We write as members of a Residents’ Association, facing the challenges of the proposed Housing Bill, which will affect all who live in properties owned by borough councils in central London.
We are concerned that the effects of the Housing Bill are not widely known, and that, if passed in its present form, the Bill will have enormously damaging consequences for London’s long established residential communities and for the city as a whole.
Our mansion block is owned by Camden Council, and occupied by a mix of council tenants and leaseholders. We are a stable community, reflecting the local population, with a range of different income and ethnic groups and age profiles, and offer a good example of social cohesion.
Three aspects of the Bill are of particular concern to our Residents Association:
1. Where the combined income of the two highest earners in a tenanted flat is above £40,000, rents will be increased by an as yet unspecified amount up to local market rates.
2. When a tenant’s flat becomes vacant, the council will be obliged to sell it; only if the Council ‘pays’ the government its market price (from its already strapped budget?), can it remain as a tenanted council property.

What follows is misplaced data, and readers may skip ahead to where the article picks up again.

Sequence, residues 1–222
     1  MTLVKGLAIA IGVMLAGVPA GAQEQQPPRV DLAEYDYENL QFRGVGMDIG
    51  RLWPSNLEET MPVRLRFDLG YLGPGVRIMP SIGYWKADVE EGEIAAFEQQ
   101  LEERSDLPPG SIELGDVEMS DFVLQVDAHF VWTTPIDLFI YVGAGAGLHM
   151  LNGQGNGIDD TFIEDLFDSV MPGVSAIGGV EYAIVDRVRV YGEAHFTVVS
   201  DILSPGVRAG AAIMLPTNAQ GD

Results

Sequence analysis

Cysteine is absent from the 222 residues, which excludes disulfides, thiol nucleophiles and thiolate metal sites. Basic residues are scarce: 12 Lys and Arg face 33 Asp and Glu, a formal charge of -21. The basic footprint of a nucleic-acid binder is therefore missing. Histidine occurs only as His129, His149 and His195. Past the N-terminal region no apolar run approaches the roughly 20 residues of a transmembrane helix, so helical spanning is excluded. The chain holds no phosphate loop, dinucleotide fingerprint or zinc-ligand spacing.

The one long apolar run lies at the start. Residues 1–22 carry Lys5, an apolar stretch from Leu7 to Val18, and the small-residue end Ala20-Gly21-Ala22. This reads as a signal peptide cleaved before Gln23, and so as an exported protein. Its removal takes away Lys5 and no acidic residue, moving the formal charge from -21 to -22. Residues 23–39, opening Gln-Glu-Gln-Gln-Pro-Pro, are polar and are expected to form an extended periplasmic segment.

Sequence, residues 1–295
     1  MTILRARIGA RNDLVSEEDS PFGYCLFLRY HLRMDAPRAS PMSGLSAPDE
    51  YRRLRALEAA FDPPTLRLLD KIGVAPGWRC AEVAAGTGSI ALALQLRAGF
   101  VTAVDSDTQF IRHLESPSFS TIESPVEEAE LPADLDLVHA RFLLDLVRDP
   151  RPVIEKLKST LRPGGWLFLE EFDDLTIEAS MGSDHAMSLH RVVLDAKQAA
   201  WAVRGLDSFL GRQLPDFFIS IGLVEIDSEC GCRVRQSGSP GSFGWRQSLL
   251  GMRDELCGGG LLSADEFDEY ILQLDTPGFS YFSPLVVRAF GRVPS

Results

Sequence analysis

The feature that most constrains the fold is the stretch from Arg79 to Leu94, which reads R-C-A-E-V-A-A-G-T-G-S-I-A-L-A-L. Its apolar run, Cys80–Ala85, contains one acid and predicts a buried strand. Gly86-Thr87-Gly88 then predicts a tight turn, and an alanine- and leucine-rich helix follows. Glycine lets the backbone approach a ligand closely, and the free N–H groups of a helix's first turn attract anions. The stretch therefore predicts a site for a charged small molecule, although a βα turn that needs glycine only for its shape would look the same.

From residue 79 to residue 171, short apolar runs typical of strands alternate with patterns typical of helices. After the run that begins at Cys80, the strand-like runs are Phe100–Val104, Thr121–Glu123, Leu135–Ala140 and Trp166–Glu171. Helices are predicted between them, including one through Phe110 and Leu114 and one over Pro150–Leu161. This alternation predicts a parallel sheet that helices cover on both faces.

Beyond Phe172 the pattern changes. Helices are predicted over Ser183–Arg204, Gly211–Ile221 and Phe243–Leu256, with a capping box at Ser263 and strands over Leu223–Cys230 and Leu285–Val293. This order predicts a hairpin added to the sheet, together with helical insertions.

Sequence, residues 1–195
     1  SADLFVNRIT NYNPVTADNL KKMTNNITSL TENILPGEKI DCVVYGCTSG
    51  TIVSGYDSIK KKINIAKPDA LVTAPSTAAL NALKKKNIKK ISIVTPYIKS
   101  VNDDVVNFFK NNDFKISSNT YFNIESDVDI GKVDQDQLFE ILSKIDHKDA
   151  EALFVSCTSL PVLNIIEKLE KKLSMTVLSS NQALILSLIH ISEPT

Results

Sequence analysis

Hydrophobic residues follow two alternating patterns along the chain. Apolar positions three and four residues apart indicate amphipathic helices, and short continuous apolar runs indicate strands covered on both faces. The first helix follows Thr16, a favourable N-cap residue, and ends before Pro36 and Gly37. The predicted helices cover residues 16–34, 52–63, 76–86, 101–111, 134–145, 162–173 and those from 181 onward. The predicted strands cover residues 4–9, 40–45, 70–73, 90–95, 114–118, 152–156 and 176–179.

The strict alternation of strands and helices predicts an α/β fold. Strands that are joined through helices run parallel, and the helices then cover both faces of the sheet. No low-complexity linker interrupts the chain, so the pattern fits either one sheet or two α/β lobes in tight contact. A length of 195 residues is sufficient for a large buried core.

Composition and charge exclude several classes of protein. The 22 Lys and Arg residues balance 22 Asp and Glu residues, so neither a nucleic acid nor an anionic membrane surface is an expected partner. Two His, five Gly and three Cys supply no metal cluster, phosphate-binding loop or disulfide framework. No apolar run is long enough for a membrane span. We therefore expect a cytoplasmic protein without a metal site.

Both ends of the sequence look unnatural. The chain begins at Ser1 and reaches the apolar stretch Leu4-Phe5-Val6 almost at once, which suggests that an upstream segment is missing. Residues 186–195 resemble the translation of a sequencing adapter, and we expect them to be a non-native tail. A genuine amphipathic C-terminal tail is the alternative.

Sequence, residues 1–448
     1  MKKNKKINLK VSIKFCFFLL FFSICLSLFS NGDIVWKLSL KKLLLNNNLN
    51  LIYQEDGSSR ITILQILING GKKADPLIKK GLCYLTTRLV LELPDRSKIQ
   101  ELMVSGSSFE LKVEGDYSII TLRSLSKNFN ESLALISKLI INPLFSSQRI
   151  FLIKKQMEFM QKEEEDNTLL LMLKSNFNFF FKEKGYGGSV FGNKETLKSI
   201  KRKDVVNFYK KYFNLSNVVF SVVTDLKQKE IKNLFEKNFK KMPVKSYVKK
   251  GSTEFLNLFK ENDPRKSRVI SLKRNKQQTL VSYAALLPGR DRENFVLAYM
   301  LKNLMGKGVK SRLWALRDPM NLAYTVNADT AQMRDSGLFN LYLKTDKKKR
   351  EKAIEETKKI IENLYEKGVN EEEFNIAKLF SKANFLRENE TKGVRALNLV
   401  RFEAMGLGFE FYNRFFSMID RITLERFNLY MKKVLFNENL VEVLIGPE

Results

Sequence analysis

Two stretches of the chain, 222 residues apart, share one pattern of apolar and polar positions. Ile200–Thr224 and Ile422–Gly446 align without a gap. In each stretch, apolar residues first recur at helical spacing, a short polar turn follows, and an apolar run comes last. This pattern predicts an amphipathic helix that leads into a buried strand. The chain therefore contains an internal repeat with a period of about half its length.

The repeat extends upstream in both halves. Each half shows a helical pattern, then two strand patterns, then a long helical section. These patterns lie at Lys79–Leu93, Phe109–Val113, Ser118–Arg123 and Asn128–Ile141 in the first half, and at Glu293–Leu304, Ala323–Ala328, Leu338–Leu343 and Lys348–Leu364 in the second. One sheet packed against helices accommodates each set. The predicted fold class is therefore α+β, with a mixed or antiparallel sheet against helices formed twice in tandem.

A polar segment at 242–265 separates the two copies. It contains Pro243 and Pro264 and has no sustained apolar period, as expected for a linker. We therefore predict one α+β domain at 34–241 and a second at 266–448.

3. All new tenancies, including succession tenancies, will be for 2-5 years only; any new tenants will be unable to put down roots.
Given property values for central London, tenants could face unmanageable rent increases; our residents would gradually become exclusively leaseholders, or those renting, short-term, from property developers. The community fragments and dies.
We urge all who care about London as a city to find out more about the Bill, to write to their MPs and councillors about its dubious and unclear proposals, and to demonstrate to Parliament the long term damaging effects of the proposed legislation.
Prof. John O’Keefe, FRS, UCL
Emeritus Prof. Eileen O’Keefe, London Metropolitan University
Prof. Deborah Philips, University of Brighton
Dr. Garry Whannel, University of Bedfordshire